By Nathan Coyne, Managing Director at PoliMapper

Change is coming to Westminster.

You could argue that, with a general election just around the corner, it is only to be expected.

But what’s of particular interest with this general election is the scale of potential change.

This is due to the combination of circumstances that sees large numbers of MPs standing down, and the potential for sequential landslide victories by different parties.

At the time of writing, data from Polimapper’s Candidate Connect database showed that 77 MPs had announced their intention to stand down permanently at the next election.

A further 28 had been either displaced by the Boundary Commission’s redrawing of parliamentary constituencies, been de-selected by their local party or lost the national party whip at Westminster.

With 105 of 650 MPs already accounted for, we next need to look at what the polls are telling us.

If reflected at the next general election, averages from 14 national polls in October 2023 show that Labour would secure a 15% swing from the Conservatives and a 13% swing from the SNP. The Liberal Democrats would secure a 10% swing from the Conservatives.

Should this transpire, the Conservatives’ landslide victory at the 2019 general election in England and the SNP’s in Scotland, would be entirely replaced by a Labour landslide victory in 2024.

This could lead to as many as 48% of MPs sitting in the House of Commons after the general election being new to the role.

To put this in context, only twice in the last 50 years has the number of new MPs exceeded one third – the landslide victory achieved by Tony Blair in 1997 (37%) and the advent of the coalition government in 2010 (33%).

Only once has the number of new MPs exceeded 50%; in 1945 when 324 of the then 640 MPs entered the House for the first time.

So what does this seismic level of change mean for associations and the organisations they represent?

To start with, you will need to prepare to invest in establishing relationships with the new cohort of MPs. Many of the networks you’ve carefully honed over several years will be holed below the water line and need to be replaced or renewed.

Such a large number of new MPs presents a policy challenge. What are their views? How many are broadly supportive of your interests? You’ll need to establish in which areas of policy such a large shake-up in personnel presents a threat, and in which it presents an opportunity.

But the good news is that you don’t need to wait until after the election to start this process – when incidentally you’d be competing with a whole host of other interests.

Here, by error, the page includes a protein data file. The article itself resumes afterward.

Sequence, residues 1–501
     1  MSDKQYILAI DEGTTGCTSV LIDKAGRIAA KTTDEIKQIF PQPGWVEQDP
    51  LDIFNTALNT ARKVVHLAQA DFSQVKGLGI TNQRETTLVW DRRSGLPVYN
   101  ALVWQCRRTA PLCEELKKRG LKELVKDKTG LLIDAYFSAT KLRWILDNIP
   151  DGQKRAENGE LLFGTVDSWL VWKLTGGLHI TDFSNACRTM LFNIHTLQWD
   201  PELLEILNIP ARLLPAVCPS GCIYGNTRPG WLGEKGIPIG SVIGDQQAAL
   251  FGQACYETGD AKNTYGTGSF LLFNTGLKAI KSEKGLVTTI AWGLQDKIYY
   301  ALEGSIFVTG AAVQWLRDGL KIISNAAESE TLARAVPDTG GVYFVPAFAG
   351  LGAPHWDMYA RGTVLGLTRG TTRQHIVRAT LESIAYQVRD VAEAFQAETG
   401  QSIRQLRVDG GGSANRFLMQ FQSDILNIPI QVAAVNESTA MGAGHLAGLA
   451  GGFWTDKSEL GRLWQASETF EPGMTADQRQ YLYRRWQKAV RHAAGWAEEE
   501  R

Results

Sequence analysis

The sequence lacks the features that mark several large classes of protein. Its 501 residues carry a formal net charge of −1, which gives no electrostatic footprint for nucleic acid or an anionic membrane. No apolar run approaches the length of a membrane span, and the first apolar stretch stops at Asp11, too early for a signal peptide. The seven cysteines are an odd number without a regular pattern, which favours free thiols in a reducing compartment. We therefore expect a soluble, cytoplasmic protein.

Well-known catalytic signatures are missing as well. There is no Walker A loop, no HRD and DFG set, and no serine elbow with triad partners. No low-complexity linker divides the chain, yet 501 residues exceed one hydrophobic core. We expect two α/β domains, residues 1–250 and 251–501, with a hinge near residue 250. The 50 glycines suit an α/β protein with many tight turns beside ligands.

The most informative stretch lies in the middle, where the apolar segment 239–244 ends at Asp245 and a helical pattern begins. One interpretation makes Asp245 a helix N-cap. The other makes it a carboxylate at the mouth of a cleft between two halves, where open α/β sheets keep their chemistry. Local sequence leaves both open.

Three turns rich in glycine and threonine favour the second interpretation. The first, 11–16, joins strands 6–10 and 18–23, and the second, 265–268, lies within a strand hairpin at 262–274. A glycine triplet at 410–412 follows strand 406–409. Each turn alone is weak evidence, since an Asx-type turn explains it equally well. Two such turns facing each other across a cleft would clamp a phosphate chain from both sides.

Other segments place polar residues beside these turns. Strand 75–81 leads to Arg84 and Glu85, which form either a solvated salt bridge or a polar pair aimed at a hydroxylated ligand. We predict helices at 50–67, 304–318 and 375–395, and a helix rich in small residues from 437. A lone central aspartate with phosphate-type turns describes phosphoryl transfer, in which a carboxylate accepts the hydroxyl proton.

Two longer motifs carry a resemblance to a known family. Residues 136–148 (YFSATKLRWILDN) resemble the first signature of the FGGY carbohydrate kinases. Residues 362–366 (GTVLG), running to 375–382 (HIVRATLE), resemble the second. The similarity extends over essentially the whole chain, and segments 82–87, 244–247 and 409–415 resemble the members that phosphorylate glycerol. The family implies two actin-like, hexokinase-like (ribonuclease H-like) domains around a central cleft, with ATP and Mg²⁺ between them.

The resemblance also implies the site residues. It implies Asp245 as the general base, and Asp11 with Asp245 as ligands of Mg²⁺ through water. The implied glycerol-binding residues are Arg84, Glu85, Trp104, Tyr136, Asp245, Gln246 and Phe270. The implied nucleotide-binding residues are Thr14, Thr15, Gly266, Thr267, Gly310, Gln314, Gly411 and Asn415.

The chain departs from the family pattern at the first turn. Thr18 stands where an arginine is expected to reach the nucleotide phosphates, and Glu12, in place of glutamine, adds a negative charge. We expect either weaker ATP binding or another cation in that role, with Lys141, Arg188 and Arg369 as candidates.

This is because a significant number of prospective parliamentary candidates have already been selected.

Polimapper’s Candidate Connect database shows that 275 prime candidates – defined as those succeeding an existing MP or standing in a key target seat – had already been selected (76% of the likely total).

Prime candidates are important because these are the candidates with the best chance of being elected and are thus worth an investment of time in getting to know.

There are many ways to do this, but we’ve picked out three that stand out.

Firstly, publish and send candidates your manifesto – ideally as succinctly packaged as possible in infographic or video form so they can digest your key messages.

Secondly, present them with information about your industry or profession through a constituency lens. Data on economic contribution, numbers of jobs, or simply just displaying information about member companies and facilities could help parliamentary candidates understand the value of your industry.

Thirdly, set up member site visits for parliamentary candidates. Allied with photo opportunities for the local press, site visits can be a win:win opportunity for associations and their members.

Unlike in 2017 and 2019, we have the benefit of time to prepare for a general election – it being anything from 5 to 11 months away.

With the level of change coming to Westminster, associations that use this time to invest in relationships with parliamentary candidates, are going to have a real advantage once the next parliament opens for business.


Nathan Coyne is the managing director of Polimapper.

Polimapper has published the first in-depth study into the characteristics of the 275-strong prime candidate pool, from which our new MPs will be drawn. Download the white paper at:


Chart 1 – Voting intention since 2020

Chart 2 – gender split of prime candidates by party

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